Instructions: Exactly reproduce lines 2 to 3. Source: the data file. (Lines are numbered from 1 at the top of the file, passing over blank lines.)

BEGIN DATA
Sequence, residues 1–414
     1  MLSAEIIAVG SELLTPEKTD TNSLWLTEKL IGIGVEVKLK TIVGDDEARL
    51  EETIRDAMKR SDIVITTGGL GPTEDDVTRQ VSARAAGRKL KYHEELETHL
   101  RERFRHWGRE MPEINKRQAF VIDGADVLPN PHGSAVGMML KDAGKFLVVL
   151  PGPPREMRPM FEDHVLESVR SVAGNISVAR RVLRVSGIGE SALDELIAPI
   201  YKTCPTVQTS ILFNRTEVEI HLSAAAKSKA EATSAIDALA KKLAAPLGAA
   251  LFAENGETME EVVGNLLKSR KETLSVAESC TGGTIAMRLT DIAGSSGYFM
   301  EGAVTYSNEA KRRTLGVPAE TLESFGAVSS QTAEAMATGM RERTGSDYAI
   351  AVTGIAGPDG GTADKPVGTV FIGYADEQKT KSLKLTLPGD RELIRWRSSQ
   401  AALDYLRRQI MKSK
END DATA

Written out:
     1  MLSAEIIAVG SELLTPEKTD TNSLWLTEKL IGIGVEVKLK TIVGDDEARL
    51  EETIRDAMKR SDIVITTGGL GPTEDDVTRQ VSARAAGRKL KYHEELETHL